- President Joe Biden said he would support suspending the Senate filibuster rule to codify abortion rights established in the Supreme Court's 1973 Roe v. Wade ruling.
- His comments represent critical support for suspending a key procedural hurdle that has thus far prevented Senate Democrats from making the decision federal law.
- "If the filibuster gets in the way — like [with] voting rights — we provide an exception for this," Biden said. "We require an exception of the filibuster for this action."
President Joe Biden on Thursday said he would support suspending the Senate filibuster rule to codify the constitutional right to an abortion as established by the Supreme Court's landmark 1973 ruling to Roe v. Wade.
His comments represent critical support for suspending a key procedural hurdle that has thus far prevented Senate Democrats from passing legislation that would make the decision federal law. Current Senate rules require the majority party to muster 60 votes to overcome the minority's attempt to block the advance of a bill, a procedural action known as a filibuster.
"I believe we have to codify Roe v. Wade into law. And the way to do that is to make sure Congress votes to do that," Biden told reporters in Spain.
But with the Senate split 50-50 between Democrats and Republicans, the GOP has been able to use the filibuster rule to stop the slim Democratic majority from approving abortion bills.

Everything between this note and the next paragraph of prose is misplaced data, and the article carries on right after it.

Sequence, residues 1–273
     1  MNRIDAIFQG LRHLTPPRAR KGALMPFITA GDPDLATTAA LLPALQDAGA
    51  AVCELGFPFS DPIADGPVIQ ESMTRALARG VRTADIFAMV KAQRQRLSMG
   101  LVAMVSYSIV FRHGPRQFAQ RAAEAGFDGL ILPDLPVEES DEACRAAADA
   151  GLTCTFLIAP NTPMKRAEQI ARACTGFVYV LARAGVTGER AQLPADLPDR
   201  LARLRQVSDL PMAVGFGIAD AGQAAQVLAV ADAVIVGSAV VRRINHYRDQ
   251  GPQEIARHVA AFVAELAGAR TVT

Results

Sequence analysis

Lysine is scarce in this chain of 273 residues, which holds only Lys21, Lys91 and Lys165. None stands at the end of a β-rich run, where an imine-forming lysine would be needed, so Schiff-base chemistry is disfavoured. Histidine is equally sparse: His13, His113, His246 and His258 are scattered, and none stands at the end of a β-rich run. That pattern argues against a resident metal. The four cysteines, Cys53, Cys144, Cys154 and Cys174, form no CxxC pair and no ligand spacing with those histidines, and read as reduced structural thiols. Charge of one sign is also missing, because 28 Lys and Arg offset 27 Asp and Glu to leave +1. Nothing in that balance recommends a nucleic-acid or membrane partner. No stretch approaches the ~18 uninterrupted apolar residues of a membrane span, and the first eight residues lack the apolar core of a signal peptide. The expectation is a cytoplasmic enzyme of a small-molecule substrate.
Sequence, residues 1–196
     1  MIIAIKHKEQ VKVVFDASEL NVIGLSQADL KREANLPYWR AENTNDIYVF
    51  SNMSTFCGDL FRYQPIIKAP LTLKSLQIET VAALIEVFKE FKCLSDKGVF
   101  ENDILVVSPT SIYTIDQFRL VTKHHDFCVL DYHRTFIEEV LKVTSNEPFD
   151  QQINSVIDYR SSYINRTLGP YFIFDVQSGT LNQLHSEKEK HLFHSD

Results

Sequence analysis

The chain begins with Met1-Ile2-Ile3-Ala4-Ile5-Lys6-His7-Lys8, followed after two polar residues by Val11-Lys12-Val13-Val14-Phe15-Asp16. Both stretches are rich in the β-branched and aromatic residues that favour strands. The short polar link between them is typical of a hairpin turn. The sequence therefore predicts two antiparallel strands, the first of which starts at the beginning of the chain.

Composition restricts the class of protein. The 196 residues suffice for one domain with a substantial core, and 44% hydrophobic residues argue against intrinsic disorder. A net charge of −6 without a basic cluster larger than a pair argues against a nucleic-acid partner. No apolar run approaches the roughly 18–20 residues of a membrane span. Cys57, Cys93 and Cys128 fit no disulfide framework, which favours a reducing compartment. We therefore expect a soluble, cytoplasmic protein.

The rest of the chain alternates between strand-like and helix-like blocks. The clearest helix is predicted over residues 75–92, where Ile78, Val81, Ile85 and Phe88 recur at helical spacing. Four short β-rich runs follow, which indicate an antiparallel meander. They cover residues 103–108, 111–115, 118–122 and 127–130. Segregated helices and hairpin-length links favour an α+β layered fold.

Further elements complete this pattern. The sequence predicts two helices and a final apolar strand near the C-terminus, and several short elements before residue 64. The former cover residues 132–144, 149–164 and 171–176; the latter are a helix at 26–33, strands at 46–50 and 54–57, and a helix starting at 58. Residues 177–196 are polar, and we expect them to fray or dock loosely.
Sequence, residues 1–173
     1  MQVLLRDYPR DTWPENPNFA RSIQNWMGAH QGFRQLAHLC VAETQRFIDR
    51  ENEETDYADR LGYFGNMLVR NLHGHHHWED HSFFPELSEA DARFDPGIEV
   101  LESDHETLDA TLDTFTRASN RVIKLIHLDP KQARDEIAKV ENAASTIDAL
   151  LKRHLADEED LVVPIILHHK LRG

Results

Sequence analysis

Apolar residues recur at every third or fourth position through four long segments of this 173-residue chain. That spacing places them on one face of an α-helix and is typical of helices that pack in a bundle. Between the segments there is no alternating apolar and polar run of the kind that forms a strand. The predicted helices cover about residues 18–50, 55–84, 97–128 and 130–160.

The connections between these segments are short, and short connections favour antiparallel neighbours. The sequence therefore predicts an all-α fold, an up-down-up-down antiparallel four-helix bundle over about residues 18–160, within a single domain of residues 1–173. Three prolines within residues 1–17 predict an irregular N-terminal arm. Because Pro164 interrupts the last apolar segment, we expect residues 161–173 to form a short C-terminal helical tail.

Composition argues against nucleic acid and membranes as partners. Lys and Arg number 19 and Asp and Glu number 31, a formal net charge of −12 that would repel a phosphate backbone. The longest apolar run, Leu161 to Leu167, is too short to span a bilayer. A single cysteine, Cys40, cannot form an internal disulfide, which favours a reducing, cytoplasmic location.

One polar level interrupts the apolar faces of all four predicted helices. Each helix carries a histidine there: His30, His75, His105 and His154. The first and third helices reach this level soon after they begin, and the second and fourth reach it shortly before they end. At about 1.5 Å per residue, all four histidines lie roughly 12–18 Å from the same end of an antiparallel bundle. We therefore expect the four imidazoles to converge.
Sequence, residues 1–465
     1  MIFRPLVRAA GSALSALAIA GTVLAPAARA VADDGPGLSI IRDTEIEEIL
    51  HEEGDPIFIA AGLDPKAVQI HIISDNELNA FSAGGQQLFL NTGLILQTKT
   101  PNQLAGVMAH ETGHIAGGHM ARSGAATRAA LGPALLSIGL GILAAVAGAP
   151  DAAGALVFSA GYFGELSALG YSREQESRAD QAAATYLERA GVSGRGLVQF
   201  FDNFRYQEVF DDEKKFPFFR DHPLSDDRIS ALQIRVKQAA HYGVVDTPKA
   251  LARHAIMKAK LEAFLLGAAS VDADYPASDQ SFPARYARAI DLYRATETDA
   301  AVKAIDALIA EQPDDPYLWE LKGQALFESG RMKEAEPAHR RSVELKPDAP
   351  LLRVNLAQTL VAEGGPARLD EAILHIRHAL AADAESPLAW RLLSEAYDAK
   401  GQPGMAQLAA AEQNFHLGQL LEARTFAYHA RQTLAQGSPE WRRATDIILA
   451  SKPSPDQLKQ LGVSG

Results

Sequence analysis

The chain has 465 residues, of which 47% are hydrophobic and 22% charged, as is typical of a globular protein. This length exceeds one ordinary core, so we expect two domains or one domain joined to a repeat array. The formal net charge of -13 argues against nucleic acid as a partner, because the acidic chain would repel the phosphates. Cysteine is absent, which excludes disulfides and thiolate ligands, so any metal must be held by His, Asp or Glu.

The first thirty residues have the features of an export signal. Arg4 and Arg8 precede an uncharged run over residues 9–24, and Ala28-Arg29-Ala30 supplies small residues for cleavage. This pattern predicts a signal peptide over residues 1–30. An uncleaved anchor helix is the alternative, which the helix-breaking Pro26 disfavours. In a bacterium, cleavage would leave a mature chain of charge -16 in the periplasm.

"If the filibuster gets in the way, it's like voting rights, we provide an exception for this," Biden said. "We require an exception of the filibuster for this action."
The president doubled down on his stance later in the day in a post to Twitter.
Biden's comments come a week after the nation's highest court overturned nearly 50 years of legal precedent by reversing its original opinion that women have a constitutional right to an abortion. They also mark the first time the president has publicly supported changing the filibuster rules to pass legislation codifying Roe v. Wade into law.
The court's controversial ruling last week now grants states the power to pass their own abortion laws without worrying about running afoul of the Roe opinion, which had allowed abortions during the first two trimesters of pregnancy.
The president said he's scheduled to meet with state governors on Friday to discuss their options until Democrats in Congress cement their response. Echoing the belief held by many Democrats, Biden added the reversal "is a serious, serious problem the Supreme Court has thrust upon the United States."
"I'm going to do everything in my power I legally can do in terms of protecting abortion, as well as pushing Congress and the public," he said.
But even with Biden's backing that doesn't mean Democrats will be able to force abortion legislation through the Senate. That's because, while the filibuster could be changed with a simple majority vote, not all Senate Democrats are behind the idea of tossing out a way to check future Republican majorities.
Moderate Democrats Sens. Joe Manchin of West Virginia and Kyrsten Sinema of Arizona, for example, have said they are against changes to the filibuster rules.
Senate Minority Leader Mitch McConnell, R-Ky., who is opposed to any changes to the filibuster rule, criticized Biden's remarks.
"Attacking a core American institution like the Supreme Court from the world stage is below the dignity of the President," he said in a press release on Thursday. "Biden's attacks on the Court are unmerited and dangerous. He's upset that the Court said the people, through their elected representatives, will have a say on abortion policy."